I’m so glad that you’ve been so open with the way publicists work sometimes. When I’ve asked people in the past they usually say everything is sweet with publicists when I know for a fact through my experience that that is not always the case. I get more love from overseas publicists than Australian ones, although there are great folks like Deathproof PR. I find a lot of people in the industry like to be diplomatic about behind the scenes industry stuff and often sugar-coat the reality of it.

MC: It is a bit of a thankless job. Journalists don’t like them, artists don’t like them, and it’s a hard job. I don’t blame them for trying to get a little bit of power when they can. Some take the piss with it though. The Australian music industry is a very small pond and if they think they’re a bit of a legend or a bit of a character and have gotten away with that for long enough they’ll be stuck in their ways and be defending their territory. It’s hard to keep those sort people in check because you have a bit of a power struggle going on between you and the publicist.

Are there any other challenges you face?

MC: I used to hate the fact that music companies advertised in the magazine because it threw a blanket of doubt over our motives. That doesn’t really happen anymore  most of our advertising comes from people that want to be associated with music, lifestyle companies, like Converse or Doc Martens or Harley Davidson. Because we don’t really have that interaction with music companies anymore it’s hard to gauge what they’re getting behind. When they used to advertise a record you could tell that they were going to push that artist hard and that they were covering the right thing, that I’m backing a winner here. They have no money to spend now outside of a bit of online advertising so it’s hard to get a gauge on how serious they are about an artist. Back in the day you could say, oh there’s a new Van Halen record coming. Immediately you think is this going to be a stinker or is this going to be the comeback? If they would say to you, we’re going to take an ad for every issue the next four issues you know, alright, well at least they think it’s got legs. Now they say, it’s a comeback and you go, it could be the worst thing ever and I’m not going to get to hear it so you just say ‘no’. I find myself saying no to a lot of stuff just to be safe now.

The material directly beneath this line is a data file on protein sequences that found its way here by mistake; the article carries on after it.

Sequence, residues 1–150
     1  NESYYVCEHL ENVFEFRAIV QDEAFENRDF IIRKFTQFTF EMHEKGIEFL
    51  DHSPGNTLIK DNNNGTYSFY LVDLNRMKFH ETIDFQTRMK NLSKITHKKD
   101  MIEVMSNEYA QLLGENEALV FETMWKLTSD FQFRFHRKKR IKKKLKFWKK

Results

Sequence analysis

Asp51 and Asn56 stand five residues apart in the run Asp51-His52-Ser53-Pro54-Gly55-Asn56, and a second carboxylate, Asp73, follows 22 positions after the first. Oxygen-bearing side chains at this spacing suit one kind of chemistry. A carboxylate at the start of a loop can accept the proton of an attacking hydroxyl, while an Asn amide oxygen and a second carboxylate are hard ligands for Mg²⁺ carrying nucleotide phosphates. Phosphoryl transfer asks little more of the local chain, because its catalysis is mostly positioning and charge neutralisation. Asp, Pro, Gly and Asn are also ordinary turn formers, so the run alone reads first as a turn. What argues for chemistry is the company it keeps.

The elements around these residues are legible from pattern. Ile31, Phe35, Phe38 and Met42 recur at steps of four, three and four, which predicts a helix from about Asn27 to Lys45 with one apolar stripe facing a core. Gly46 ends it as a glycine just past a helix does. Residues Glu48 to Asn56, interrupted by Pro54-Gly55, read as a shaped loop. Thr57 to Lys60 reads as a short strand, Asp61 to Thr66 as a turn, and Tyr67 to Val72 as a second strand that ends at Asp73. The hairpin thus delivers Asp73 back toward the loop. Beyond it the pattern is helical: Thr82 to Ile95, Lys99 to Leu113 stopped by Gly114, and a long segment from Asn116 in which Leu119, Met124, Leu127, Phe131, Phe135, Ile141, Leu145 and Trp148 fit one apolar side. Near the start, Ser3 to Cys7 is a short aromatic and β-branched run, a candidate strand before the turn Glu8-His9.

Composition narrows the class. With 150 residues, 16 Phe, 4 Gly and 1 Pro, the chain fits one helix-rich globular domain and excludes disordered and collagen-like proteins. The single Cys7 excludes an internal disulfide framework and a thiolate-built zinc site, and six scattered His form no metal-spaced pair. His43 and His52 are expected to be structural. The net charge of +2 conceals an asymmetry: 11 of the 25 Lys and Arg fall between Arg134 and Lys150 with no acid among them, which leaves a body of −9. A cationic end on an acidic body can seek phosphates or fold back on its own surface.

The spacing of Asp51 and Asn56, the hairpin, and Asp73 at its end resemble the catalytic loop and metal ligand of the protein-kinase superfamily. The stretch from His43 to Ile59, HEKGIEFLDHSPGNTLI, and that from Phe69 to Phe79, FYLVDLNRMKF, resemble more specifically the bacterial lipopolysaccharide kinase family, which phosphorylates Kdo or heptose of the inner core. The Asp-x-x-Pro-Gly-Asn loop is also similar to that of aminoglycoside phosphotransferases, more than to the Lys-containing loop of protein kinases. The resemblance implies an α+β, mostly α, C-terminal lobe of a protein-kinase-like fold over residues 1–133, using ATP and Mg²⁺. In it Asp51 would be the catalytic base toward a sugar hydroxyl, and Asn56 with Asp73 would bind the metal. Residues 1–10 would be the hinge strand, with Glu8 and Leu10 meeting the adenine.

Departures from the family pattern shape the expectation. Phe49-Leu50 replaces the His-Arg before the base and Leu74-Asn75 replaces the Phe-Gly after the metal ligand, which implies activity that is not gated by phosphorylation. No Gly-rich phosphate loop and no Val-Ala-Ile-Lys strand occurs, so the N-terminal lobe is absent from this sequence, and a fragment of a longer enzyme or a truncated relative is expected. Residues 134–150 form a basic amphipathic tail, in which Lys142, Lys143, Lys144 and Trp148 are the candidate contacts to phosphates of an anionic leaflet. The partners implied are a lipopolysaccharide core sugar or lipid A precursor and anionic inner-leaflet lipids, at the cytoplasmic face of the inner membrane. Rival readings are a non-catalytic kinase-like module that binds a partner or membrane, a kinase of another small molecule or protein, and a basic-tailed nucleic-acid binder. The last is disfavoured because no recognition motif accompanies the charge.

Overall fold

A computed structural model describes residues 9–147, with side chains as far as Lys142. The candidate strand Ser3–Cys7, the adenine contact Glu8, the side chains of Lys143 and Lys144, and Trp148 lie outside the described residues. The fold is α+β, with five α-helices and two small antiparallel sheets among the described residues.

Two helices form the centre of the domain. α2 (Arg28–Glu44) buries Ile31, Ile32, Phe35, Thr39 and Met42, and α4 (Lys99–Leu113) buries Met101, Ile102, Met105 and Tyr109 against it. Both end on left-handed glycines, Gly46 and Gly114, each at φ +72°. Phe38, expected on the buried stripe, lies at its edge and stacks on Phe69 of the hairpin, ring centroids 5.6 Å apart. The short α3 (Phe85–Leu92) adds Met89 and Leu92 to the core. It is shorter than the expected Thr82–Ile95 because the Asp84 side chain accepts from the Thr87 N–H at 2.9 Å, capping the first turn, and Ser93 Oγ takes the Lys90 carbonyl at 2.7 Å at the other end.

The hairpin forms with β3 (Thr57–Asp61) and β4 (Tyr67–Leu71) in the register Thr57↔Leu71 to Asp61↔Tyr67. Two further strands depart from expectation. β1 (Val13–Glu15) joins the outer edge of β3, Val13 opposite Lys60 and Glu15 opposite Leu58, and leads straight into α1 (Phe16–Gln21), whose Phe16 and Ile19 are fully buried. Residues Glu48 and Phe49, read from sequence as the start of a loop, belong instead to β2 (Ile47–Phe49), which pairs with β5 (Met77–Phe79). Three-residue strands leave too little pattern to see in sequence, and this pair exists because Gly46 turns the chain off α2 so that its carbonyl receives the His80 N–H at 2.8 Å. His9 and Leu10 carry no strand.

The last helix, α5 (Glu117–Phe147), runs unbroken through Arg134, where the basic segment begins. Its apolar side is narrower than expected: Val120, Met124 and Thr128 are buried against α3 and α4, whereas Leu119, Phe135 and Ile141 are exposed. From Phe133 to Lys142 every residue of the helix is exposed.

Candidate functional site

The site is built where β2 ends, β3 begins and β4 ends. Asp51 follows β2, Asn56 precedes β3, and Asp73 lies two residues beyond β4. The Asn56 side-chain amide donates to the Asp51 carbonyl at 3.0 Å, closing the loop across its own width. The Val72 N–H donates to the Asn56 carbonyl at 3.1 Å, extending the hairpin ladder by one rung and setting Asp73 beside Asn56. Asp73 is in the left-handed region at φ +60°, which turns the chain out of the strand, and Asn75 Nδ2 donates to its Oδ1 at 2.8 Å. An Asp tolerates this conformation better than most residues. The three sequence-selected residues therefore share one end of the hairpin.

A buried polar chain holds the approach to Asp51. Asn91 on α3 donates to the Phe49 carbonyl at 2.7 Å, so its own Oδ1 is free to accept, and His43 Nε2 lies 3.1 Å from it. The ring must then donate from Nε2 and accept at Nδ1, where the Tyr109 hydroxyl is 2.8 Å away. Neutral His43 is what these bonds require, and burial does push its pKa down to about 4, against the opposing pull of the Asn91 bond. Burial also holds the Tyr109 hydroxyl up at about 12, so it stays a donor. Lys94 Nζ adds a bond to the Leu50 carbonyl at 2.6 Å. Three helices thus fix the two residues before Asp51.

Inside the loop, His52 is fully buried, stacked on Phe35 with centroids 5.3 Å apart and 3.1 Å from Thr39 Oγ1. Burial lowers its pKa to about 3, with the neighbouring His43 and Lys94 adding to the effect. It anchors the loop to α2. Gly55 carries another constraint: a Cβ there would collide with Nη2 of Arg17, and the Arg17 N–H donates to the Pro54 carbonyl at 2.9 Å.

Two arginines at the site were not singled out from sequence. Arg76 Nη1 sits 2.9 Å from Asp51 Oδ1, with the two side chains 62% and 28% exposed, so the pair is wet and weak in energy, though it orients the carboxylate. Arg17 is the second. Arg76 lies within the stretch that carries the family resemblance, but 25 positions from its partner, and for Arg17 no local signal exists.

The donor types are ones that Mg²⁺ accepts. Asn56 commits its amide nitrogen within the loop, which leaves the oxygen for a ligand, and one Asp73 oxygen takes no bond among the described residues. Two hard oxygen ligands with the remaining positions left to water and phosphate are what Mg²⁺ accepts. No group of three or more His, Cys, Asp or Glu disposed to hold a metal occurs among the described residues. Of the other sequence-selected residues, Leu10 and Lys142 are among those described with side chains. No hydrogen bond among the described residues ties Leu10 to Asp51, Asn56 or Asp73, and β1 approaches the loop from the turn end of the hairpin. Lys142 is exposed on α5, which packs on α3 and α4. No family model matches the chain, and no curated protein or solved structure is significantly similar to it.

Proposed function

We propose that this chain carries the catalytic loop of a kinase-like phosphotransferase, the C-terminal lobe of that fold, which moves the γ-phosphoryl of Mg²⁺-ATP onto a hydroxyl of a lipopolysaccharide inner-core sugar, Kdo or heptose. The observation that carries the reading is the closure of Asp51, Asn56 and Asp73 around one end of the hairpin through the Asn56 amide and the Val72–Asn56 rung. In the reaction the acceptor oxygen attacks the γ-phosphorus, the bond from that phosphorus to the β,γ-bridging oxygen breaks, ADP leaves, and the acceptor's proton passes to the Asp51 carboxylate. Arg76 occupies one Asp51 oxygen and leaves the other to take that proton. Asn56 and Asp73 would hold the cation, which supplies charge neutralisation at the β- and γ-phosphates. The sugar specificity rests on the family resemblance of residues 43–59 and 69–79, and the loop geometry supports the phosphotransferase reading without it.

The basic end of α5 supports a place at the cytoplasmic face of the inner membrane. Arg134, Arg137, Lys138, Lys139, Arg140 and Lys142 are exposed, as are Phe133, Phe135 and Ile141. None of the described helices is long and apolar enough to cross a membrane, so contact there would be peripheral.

How do you feel about getting streams to albums now rather than physical copies of releases?

MC: We still get physical copies. Streams sometimes don’t work for us. The business is so big and if anything is happening like a red carpet call happens overseas, everyone goes online and is downloading really big files and I can’t get streaming so I just had to say it just doesn’t work. I don’t like wasting physical copies of CDs though either so, if I know we’re not going to do it I just tell them not to bother sending the CD. I could fill a landfill with the amount of CDs that sit in our office.

I remember when I would go into the Rave Magazine offices back when I first started writing for them and they used to have a shopping cart full of CDs. The ones that weren’t taken by contributors would end up being taken to local record stores and were sold to them.

MC: We have a charity sale every few months and sell them almost by weight [laughs].

With all the closures of street press and music publications in Australia, where do you see print media currently being at for music?

MC: I don’t think it’s in a good place. The problem is a lot of those magazines had forgotten what they were—they were for people to read about music. If you keep doing that and you don’t deviate from the plan…I don’t know…I feel like that’s why we’ve been around for so long is because we haven’t deviated from the plan or who we are. If we did try anything new it was so well thought out. The website that the US has is almost like a magazine, it has the long reads. They’re not under the illusion that people want anything from it but a good read.